AltWeeklies Wire

Zoe Kazan, an Indie Starlet on the Verge of Fame, Doesn't Need More 'Friends'new

Zoe Kazan is contemplating suicide. No, not in real life, where she’s doing just fine, thank you very much. But she’s had it with that dubious realm of interactivity known as Facebook. So it may be time for online suicide.
New York Press  |  Eric Kohn  |  03-11-2010  |  Profiles & Interviews

It's Been a Banner Year For Brooklyn-Based Movies. But Is There a 'Brooklyn Film'?new

The notably thriving social enclaves of Brooklyn—particularly the areas of Williamsburg and Greenpoint—have grown increasingly gentrified in direct proportion to the down-and-dirty mystique. In that conflict lies a distinct two-headed beast ever-present in the movies of the region.
New York Press  |  Eric Kohn  |  12-10-2009  |  Movies

Harmony Korine Talks About Creating a World of 'Killing, Fucking and Burning'new

When I sat down with Korine last week before the world premiere of Trash Humpers, he hadn't done any interviews about it yet, and admitted that he wasn't quite sure how to express his intentions. So we hammered it out together.
New York Press  |  Eric Kohn  |  10-01-2009  |  Profiles & Interviews

Some of Your Beeswax: Director Andrew Bujalski Chatsnew

If the word “mumblecore” ever meant anything in the first place, it definitely had something to do with Andrew Bujalski. The lo-fi indie director of Funny Ha Ha and Mutual Appreciation debuted his third feature, Beeswax, in March, and speaks about the film festival favorite.
New York Press  |  Eric Kohn  |  08-06-2009  |  Profiles & Interviews

The Directors of 'Tokyo!' Explain What They Were Thinkingnew

One of the strangest anthology films of recent memory, Tokyo! unites the distinctive visions of three individualistic filmmakers: Michel Gondry, Leos Carax and Bong Joon-Ho. Needless to say, it's not your average tourist video.
New York Press  |  Eric Kohn  |  03-05-2009  |  Profiles & Interviews

'Memorial Day': Boned and Readynew

Memorial Day displays major cojones with its graphic depiction of human brutality, but its in-your-face didacticism comes with loads of naivete.
New York Press  |  Eric Kohn  |  02-05-2009  |  Reviews

'Donkey Punch': Butt It Hurtsnew

Oliver Blackburn’s British thriller offers a unique thrill: It indulges in juvenile scares by placing them in a larger canvas of sophisticated moods, developing the scenario with remarkably shrewd structural finesse.
New York Press  |  Eric Kohn  |  01-22-2009  |  Reviews

'Special' is for Every Guy Who Still Dreams He May be Superhumannew

A chronicle of mental decline masquerading as science fiction, Special stars perennial character actor Michael Rapaport as Les, a likable dolt whose momentary respite from the monotony of his life as a lonely meter maid comes from reading comic books.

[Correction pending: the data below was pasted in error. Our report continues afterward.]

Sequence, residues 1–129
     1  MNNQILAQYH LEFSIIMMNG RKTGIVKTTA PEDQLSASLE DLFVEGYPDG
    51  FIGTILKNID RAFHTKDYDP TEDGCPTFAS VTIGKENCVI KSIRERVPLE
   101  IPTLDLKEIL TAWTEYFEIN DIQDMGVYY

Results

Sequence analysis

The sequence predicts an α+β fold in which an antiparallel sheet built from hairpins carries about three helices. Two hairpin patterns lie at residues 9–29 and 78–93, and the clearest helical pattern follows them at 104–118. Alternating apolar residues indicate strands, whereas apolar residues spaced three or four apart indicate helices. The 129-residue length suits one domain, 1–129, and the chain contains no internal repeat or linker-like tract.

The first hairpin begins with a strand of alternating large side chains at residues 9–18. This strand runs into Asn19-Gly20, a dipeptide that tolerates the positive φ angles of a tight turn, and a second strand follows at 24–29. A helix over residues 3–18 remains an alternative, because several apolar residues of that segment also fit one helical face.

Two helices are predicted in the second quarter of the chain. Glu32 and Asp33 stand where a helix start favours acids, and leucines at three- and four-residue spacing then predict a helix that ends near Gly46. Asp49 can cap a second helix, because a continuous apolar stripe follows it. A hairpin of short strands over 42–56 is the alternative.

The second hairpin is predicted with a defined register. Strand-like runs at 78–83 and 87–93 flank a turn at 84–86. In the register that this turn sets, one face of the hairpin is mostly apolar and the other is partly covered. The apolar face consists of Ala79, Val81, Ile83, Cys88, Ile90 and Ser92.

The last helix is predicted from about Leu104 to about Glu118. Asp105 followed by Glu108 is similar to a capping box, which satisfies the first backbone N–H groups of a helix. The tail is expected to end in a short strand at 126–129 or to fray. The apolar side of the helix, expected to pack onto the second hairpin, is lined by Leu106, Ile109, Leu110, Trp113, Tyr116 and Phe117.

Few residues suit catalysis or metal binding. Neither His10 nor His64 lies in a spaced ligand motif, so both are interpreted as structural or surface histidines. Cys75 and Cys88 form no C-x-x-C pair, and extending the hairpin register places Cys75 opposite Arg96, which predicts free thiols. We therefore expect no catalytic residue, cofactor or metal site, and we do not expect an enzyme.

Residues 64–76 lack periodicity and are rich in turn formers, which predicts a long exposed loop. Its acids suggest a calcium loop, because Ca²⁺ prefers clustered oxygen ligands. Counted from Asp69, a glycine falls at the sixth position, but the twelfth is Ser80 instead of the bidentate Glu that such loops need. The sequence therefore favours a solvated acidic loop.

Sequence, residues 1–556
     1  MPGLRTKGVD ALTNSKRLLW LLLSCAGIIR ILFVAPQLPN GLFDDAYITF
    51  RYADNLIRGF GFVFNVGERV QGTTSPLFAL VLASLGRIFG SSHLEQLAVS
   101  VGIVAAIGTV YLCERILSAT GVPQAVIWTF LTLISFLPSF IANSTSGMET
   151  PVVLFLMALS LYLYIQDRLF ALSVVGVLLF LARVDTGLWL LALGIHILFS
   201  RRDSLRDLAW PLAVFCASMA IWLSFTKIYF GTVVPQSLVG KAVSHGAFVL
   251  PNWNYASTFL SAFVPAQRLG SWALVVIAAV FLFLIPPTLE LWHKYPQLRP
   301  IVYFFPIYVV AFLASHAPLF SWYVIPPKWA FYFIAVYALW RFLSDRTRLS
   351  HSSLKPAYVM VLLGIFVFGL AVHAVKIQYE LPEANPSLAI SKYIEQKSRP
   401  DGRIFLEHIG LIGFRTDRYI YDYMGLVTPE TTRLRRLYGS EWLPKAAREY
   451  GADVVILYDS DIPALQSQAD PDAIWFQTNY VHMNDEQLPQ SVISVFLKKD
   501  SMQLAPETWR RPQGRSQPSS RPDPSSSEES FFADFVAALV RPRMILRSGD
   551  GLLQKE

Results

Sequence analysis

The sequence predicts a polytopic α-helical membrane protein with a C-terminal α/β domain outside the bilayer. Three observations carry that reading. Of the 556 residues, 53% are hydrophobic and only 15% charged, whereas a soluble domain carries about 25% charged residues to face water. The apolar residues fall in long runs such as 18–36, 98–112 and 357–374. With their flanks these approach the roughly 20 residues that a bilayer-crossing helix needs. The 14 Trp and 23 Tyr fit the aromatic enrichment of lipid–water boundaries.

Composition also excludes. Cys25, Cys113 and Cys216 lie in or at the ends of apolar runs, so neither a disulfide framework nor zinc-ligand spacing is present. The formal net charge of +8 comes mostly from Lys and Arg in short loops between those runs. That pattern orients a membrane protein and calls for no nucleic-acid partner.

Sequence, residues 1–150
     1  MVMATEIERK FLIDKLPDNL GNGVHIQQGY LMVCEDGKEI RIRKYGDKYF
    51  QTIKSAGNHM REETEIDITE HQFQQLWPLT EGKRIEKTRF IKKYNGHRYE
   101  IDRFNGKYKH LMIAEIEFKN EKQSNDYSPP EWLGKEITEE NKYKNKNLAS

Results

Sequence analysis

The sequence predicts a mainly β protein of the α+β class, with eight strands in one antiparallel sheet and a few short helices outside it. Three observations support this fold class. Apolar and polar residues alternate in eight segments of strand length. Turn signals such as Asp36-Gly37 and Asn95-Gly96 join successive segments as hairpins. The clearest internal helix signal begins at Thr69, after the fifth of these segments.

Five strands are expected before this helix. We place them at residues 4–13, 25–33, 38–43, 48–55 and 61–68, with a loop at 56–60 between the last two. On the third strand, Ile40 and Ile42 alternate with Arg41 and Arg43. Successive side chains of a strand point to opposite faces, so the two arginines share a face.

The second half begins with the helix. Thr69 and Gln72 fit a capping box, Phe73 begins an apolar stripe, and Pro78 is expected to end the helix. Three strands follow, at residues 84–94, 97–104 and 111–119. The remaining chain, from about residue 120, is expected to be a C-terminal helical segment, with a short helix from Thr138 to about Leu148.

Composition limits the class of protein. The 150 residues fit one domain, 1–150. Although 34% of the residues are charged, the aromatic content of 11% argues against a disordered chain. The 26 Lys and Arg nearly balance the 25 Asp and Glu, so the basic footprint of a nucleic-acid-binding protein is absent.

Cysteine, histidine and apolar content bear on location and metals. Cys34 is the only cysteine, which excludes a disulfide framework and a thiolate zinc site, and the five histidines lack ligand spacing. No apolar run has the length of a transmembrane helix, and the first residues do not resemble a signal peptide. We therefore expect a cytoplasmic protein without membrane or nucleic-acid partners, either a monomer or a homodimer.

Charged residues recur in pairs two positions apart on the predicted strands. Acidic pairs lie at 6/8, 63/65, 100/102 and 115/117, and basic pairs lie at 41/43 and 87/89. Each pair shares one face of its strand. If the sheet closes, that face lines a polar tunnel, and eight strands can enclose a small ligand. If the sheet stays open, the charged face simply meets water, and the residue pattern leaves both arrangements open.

New York Press  |  Eric Kohn  |  11-20-2008  |  Reviews

Clark Gregg Chokes on 'Choke'new

Gregg embraces Chuck Palahniuk's faux nihilism at the expense of his characters.
New York Press  |  Eric Kohn  |  09-25-2008  |  Reviews

Chris Eska's 'August Evening' Ponders the Troubled Assimilation of Illegal Immigrantsnew

With a healthy dose of good intentions, the film has the fine-tuned backbone of an observant family drama.
New York Press  |  Eric Kohn  |  09-04-2008  |  Reviews

The Homeless World Cup Gets Mainstream Exposure in 'Kicking It'new

The popularization of sports documentaries in recent years has allowed for the rise of a new genre dealing exclusively with fringe athletic pursuits, and the appeal of Kicking It falls between the intensity of furious quadriplegics in Murderball to the full-grown geeks reigning over the arcade world in King of Kong.
New York Press  |  Eric Kohn  |  06-26-2008  |  Reviews

Intelligent Steroid Doc Sees Both Sides of the Issuenew

Without endorsing use of the drug, Chris Bell, who's a bodybuilder himself, dives into the heated debates surrounding the maligned practice and finds something pretty damn close to an even-handed portrait, if not a fair and balanced one.
New York Press  |  Eric Kohn  |  05-29-2008  |  Reviews

Uwe Boll's 'Postal' Fails to Comprehend Its Own Corrupt Naturenew

Based on the mindlessly violent series of first-person shooters, Postal contains the same intensely farcical bloodshed, but it's Boll's knuckleheaded misinterpretation of topical humor that really gets me.
New York Press  |  Eric Kohn  |  05-22-2008  |  Reviews

Trying Out Tribecanew

By blending obscure titles with the work of proven talent, Tribeca provides a resolutely solid collage of the film community's modern state.
New York Press  |  Eric Kohn  |  04-24-2008  |  Movies

Nobody Loves a Nobodynew

If David Lynch remade Taxi Driver with equal doses of Eraserhead and The Elephant Man, the result might look something like the drab existential loneliness of Ronald Bronstein's Frownland.
New York Press  |  Eric Kohn  |  03-06-2008  |  Reviews

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